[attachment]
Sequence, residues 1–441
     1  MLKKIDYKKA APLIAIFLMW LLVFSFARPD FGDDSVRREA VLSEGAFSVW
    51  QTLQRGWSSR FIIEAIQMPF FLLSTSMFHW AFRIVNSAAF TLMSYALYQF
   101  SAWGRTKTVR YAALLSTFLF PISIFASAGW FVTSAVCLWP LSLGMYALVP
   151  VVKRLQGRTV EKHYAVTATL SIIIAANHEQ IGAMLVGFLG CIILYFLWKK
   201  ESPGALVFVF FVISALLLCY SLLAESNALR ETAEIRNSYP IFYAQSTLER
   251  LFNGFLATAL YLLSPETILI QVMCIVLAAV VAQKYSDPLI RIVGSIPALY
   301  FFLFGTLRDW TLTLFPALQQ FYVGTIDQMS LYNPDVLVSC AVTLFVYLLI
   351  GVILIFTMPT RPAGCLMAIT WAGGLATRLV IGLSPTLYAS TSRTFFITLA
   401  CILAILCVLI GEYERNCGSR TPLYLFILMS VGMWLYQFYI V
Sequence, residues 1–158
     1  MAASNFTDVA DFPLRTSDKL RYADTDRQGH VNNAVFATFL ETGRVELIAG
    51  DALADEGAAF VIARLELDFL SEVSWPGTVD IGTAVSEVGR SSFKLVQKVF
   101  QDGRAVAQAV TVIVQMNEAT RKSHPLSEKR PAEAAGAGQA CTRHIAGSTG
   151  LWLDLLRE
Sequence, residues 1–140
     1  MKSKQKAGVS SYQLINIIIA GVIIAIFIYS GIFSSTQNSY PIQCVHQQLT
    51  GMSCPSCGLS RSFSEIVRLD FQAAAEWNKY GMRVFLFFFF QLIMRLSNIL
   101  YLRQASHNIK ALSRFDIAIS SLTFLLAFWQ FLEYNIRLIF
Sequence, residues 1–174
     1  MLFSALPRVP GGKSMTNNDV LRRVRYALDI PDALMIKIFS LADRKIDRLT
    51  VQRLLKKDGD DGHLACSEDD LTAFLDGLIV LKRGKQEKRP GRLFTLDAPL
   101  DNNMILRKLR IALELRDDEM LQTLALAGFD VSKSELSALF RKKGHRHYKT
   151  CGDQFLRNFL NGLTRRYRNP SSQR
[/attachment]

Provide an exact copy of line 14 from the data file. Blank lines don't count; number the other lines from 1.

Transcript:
   101  QDGRAVAQAV TVIVQMNEAT RKSHPLSEKR PAEAAGAGQA CTRHIAGSTG